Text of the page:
I don’t really have a conclusion to this. All I know is that this is where I am in life. At this point, I don’t really expect it to change. Maybe between the time I was a teenager to my 20s. Or my 20s to my 30s. But now, on the downside to 40, I doubt that I can change this part of my personality. I don’t even know if I’d want to. I’ve made the effort this far in my life and maybe it’s time for me to just be.

This might just be who I am.

It’s Not Their Fault Either

I saw a friend’s post on Facebook last night about reverse racism. She said that it’s not right because “as we all know- every race has racists”.

It’s easy as an Indian person to blame white people for the hateful shooting of an Indian man that happened in Kansas recently. It’s easy to blame white people for supporting Trump. It’s easy to blame white people for all of the fear that has arisen amongst people of different nationalities in the US.

We can’t blame all white people. I know when something terrible happens (and lately, it seems like something terrible is happening every day), it’s natural to feel that way. Even I feel that way sometimes. But it’s not right.

I think of all the awesome white people I know every time I do feel that way. I have one friend who literally posts her disgust every time there is something to be outraged about. I have friends who have never even seen the differences between us in a negative way. How many of us have white friends and coworkers who have done more to resist the negative things that have happened in this presidency than any of us Indians have?

How can we, as Indians, judge any race this way? I had a boyfriend a long time ago that had to break up with me because I wasn’t the same caste as him. We talk about Indians from other states in stereotypes all the time. All Gujaratis are cheap and all Punjabis drink a lot. How many of us have heard or said something like this? We all know people who don’t fit these ideas.

And how many times has the entire religion of Islam been blamed for the actions of a few? The Muslim friends I have are the most liberal and calm people I have ever known in my life. Yes, there are extremists but there are more regular, normal people who just want to live their lives like everyone else. They wake up, go to work, spend time with family and friends, and hang out.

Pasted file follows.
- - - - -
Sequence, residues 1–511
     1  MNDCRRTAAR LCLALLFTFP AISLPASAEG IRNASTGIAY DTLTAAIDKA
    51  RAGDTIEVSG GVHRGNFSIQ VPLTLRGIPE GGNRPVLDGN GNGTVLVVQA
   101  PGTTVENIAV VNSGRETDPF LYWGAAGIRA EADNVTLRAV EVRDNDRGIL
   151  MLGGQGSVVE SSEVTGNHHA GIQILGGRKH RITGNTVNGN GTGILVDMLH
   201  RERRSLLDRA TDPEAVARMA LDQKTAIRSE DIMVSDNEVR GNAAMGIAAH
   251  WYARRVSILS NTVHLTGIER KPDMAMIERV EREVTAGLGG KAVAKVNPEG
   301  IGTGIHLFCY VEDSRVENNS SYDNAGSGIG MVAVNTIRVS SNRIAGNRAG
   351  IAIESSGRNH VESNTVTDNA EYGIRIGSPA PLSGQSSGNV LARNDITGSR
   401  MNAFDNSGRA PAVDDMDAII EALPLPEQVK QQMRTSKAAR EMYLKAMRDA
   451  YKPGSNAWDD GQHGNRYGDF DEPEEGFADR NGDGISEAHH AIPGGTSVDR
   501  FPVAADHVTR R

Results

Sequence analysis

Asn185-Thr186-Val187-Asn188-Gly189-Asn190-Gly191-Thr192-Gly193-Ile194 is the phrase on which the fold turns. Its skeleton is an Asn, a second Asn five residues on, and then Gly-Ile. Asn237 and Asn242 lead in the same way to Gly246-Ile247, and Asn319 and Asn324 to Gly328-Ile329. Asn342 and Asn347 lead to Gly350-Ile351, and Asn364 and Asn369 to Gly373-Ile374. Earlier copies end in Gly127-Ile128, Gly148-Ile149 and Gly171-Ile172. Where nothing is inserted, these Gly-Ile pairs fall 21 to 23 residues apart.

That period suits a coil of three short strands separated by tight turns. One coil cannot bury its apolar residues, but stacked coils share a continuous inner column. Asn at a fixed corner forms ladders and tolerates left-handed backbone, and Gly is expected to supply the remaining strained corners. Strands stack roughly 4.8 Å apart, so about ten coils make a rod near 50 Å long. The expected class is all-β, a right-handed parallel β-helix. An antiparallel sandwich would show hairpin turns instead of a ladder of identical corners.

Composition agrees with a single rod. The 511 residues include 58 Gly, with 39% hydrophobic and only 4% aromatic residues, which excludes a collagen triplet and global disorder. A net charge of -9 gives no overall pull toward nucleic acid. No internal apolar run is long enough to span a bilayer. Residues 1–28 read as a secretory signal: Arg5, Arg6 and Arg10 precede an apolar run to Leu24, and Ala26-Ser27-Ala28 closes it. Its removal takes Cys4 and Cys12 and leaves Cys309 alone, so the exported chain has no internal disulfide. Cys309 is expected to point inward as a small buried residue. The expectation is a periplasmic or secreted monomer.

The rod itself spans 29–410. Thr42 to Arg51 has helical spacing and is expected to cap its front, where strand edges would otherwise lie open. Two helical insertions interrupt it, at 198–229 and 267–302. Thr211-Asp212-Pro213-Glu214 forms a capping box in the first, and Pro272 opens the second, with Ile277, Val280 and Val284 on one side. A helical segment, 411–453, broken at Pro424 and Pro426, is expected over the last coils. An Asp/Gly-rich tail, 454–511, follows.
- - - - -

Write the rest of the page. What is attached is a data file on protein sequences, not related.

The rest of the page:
As for voting for Trump, I also know a few Indian people who have done so. I no longer can socialize normally with them knowing that they voted for a man who condones hateful actions but that’s as far as it goes. There was a Hindus for Trump group. It makes me embarrassed to be Hindu and I’m hoping no one ever judges me based on this group.

I know it’s been a difficult time for the country and I’m hoping we come out of it soon. But we have to do it together.

 

The Other Part of Me

It’s been 2.5 years since we had our first child. It’s been 1 month since we had our second. We have started doing the normal, everyday domestic things like managing our own house, cooking, and cleaning. We have to have a regular schedule throughout the week now since our first child does go to school and classes on a weekly basis. Even when I have a break, I just want to sit and binge watch some laid-back Netflix show. The only other things I think about doing during a break is catching up on sleep.

Let’s put it this way: it’s been a long time since I’ve thought about me. And I don’t mean in the way that I want to do something and haven’t had a chance. I mean in the way where I think about where I am in life.